NC State Extension Publications

Description and Biology

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The southern purple mint moth, Pyrausta laticlavia, is a native species with a wingspan of 3/4 inch. It is a typical snout moth (the palps stick out in front) with reddish-purple wings marked with brownish-yellow bands. In some specimens the purple areas may be brown. Little has been published on the biology of this insect. Moths must lay eggs from which hatch tiny caterpillars. Older caterpillars are pale to green, are relatively slender and have rows of black spots down the back and sides. The caterpillars spin loose webbing as they feed. The webbing accumulates pellets of frass. Pupae are dark brown, slender, and taper at both ends. They are found in the silk webbing. These moths fly from June to August. We probably have several generations per year in North Carolina.

Southern purple mint moth

Southern purple mint moths are triangular shaped when at reat.

Southern purple mint moth caterpillar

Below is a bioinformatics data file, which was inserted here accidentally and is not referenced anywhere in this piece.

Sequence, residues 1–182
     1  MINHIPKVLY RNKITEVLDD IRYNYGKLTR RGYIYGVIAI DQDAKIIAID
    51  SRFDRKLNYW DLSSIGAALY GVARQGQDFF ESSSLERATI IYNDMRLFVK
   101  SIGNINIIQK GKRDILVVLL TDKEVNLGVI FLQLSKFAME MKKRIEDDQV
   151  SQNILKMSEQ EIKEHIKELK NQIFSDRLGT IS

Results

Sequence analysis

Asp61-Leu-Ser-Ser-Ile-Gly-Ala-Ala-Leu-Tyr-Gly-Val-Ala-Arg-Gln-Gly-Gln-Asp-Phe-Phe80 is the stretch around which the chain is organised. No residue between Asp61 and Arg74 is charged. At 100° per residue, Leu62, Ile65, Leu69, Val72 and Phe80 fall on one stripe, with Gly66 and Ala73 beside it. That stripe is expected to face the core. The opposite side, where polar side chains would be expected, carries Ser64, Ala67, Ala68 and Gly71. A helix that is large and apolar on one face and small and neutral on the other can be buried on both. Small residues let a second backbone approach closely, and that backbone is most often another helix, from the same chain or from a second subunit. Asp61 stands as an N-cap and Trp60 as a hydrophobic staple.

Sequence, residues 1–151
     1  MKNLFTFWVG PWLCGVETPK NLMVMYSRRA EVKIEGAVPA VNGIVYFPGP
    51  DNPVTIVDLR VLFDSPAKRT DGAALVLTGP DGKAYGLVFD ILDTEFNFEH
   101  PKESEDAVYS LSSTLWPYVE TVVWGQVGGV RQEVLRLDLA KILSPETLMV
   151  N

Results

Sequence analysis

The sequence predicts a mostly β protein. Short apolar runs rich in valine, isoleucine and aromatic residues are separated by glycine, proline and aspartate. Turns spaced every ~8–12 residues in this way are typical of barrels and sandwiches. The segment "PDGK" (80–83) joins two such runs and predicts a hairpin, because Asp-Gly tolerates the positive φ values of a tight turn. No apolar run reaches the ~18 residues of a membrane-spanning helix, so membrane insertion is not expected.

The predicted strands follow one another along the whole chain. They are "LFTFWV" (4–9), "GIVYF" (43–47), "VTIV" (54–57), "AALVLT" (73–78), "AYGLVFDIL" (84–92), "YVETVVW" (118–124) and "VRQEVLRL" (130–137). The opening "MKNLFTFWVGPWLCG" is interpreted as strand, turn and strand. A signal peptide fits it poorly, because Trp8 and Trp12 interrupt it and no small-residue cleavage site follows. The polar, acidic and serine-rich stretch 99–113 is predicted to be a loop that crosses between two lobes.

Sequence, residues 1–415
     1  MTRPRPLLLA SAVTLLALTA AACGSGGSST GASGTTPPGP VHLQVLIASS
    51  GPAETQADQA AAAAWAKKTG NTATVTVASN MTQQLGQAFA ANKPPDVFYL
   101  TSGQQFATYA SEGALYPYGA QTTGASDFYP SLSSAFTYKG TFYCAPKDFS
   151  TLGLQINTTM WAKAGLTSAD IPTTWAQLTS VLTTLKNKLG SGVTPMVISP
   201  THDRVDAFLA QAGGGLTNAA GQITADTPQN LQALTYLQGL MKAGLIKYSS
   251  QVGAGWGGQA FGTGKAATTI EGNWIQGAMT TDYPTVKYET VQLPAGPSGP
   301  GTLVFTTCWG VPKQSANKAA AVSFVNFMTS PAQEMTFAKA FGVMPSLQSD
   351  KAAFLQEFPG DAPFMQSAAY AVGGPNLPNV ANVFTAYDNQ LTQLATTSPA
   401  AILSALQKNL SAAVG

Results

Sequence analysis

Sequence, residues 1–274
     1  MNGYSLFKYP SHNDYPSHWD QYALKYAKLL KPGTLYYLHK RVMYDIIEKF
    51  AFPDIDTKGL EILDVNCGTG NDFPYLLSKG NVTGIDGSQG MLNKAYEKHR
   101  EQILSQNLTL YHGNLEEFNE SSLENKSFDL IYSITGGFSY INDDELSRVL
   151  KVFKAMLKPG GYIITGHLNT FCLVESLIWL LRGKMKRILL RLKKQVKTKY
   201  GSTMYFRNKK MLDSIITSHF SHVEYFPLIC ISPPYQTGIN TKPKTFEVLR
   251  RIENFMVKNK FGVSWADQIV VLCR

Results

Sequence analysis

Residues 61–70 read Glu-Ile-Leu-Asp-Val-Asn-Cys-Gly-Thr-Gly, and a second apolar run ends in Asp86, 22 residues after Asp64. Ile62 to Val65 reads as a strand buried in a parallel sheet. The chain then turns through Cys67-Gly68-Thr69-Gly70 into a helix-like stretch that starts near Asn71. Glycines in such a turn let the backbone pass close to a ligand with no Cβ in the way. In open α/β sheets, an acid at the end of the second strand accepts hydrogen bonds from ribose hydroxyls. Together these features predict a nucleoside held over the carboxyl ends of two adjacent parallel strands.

Southern purple mint moth caterpillars are small, slender, and damaging to rosemary.

likely the caterpillar of the southern purple mint moth

This is most likely the caterpillar of the southern purple mint moth.

Pupa

Pupae of southern purple mint moths are slender and brown.

Host Plants

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Caterpillars of the southern purple mint moth have only been reported feeding on rosemary, Rosmarinus officinalis. The mint-loving pyrausta moth, Pyrausta acrionalis, is a similar species that feeds on mints in the genus Mentha. It has deep rose to violet forewings with yellow borders along the leading edge and the fringes of the wing, as well as some mottled yellow markings.

rosemary look awful

Southern purple mint moth caterpillars can make rosemary look awful.

Residential Recommendations

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If rosemary is for culinary use, it would be well to use insecticidal soap or insecticides with Bacillus thuringiensis as the active ingredient.

Other Resources

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For assistance with a specific problem, contact your local Cooperative Extension Center.

This Factsheet has not been peer reviewed.

Author

Professor Emeritus
Entomology & Plant Pathology

Publication date: Nov. 4, 2019
Revised: Nov. 4, 2019

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